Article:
Additional DNA testing along with dental and other analyses have reduced the number of dead and missing, authorities said.

The number of people who died in the fire that swept through Lahaina has dropped from 115 to 97, Maui Police Chief John Pelletier said Friday.

He also said the number of missing now stands at 31, down from an initial high of over 3,000 people.

“For the first time we now have a clearer picture of what this really is,” Pelletier said at an afternoon news conference.

Officials also cautioned the death toll may change again amid ongoing identification efforts.

Maui Police Chief John Pelletier addresses a question during a press conference Tuesday, Aug. 22, 2023, in Wailuku. The gathering was to share information on those missing and the process to identify remains found in the Aug. 8 Lahaina wildfire. (Kevin Fujii/Civil Beat/2023)
Maui Police Chief John Pelletier’s department has led the effort to identify the remains found in the aftermath of the Aug. 8 fire that razed much of the historic town of Lahaina. (Kevin Fujii/Civil Beat/2023)

Maui County has given the number of “confirmed fatalities” as 115 since Aug. 21 as authorities appealed to people with loved ones who remained unaccounted for to give DNA to help identify those found in the search of the hardest-hit area in the historic seaside town.

Maui police in a news release Friday that of the more than 3,200 people who were initially unaccounted for after the fire, at least 2,779 were deemed safe by the FBI. The rest — except for the 31 substantiated as missing on Friday — were considered unsubstantiated. That’s because they lacked a first or last name or no credible person could be found to verify that they were indeed missing, police said.

The police department also released the names of two more victims — Marilou Dias, 60, and June Anbe, 78, both of Lahaina. In all, the names of 65 individuals have been released while nine others have been identified but their names withheld pending family notification, according to the police.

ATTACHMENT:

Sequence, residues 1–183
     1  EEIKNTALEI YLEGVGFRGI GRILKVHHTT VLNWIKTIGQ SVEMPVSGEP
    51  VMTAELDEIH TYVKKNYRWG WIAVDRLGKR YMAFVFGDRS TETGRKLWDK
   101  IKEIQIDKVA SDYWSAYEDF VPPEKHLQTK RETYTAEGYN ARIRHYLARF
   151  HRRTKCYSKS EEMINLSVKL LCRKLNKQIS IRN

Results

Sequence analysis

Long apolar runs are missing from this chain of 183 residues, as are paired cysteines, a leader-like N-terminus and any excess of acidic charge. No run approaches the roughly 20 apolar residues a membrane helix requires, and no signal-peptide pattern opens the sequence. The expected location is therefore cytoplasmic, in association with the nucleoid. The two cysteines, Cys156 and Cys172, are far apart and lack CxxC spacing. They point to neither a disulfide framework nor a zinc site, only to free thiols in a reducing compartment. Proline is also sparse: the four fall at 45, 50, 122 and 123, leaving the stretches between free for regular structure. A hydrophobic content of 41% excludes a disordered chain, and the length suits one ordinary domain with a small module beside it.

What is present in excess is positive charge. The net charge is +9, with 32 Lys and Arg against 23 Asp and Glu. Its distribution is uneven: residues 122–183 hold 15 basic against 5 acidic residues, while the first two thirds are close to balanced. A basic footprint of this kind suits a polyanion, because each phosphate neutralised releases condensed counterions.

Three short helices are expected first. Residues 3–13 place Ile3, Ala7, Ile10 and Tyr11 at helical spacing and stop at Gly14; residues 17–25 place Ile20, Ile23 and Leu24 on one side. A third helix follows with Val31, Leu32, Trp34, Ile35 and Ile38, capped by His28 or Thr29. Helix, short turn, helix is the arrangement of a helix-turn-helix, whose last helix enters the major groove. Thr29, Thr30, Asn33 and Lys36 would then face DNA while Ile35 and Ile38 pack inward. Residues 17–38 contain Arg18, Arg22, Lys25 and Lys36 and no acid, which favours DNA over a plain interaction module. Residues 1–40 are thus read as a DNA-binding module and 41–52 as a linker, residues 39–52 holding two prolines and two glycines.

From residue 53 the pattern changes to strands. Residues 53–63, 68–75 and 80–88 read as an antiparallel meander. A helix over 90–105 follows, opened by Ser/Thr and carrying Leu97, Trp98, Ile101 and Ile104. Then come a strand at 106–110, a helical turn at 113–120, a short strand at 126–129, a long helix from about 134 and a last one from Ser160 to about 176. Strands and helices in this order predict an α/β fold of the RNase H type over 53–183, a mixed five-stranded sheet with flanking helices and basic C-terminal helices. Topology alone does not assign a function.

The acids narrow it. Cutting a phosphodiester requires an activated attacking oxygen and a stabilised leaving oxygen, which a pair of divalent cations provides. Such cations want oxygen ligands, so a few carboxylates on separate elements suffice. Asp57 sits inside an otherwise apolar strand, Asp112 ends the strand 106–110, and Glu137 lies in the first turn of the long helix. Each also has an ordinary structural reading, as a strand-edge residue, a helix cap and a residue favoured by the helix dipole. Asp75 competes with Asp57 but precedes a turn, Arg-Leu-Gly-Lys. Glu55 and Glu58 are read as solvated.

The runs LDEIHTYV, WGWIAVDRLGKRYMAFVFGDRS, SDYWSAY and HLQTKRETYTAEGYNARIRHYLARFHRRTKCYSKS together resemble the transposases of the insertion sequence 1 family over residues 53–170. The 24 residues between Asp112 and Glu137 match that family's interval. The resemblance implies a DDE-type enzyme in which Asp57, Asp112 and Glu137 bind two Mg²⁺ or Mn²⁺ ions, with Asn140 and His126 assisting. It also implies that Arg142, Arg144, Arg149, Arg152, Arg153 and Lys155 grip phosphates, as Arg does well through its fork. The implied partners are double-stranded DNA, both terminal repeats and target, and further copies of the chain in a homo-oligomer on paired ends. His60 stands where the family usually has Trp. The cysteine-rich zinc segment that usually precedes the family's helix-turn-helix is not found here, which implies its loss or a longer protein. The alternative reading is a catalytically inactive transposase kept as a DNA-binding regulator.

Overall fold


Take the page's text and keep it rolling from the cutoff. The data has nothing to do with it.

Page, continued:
After brief opening remarks on Friday, the police chief turned the press conference over to Dr. Jeremy Stuelpnagel, a pathologist newly hired by Maui County to help identify human remains from the fire, which leveled an estimated 2,200 structures.

Stuelpnagel, who is now Maui County’s medical examiner, said additional DNA testing as well as other analytical methods resulted in the lower death toll.

“We have had dental experts, a whole team at dentists looking at DNA and dental comparisons. We’re even looking at surgical hardware, pacemaker, pacemaker serial numbers. We’re trying every single modality we have to make sure that we identify these people. It does take a lot of time. This is a mass disaster,” Stuelpnagel said.

A series of makeshift crosses have been erected and attached to the fence line above the Lahaina Bypass at Lahainaluna Road to memorialize those who lost their lives in the deadliest fire in recent US history (David Croxford/Civil Beat/2023)

Many remains were extremely fragmented, Stuelpnagel said. Some were commingled because victims likely tried to catch rides with others fleeing the fire, ran into other people’s homes or were otherwise in places they normally wouldn’t be.  

Anthropologists are assisting the identification process to “reunify these remains and make sure we have who we think we have and they are as complete as they can be,” he said.

Sixteen sets of remains that turned out to be non-human, presumably pets or other animals, were also recovered.

In response to questions from reporters about the conflicting death toll numbers, Pelletier said there have been many moving parts, including “a whole bunch of data sources that poured in.”

Various agencies were initially involved in process of collecting human remains. Body bags with different labels on them came into the morgue, adding to a lack of clarity. Some bags contained remains from more than one person.

Officials also stressed that 97 is not the final count.

“We’re not there yet,” said John Byrd, laboratory director with Defense POW/MIA Accounting Agency.

Fire devastation is visible just below the Lahaina Bypass. (David Croxford/Civil Beat/2023)

So far, 74 individuals who died in the fire have been positively identified, Pelletier said. Fifty sets of human remains have been returned to next of kin. DNA profiles on 95 individuals exist and “we’re constantly striving to make sure we do this to the best of our ability,” the police chief said.

“We’re looking at all the data points we can to make this the best, most concrete investigation and process we have,” Pelletier said.

Civil Beat’s coverage of Maui County is supported in part by grants from the Nuestro Futuro Foundation.

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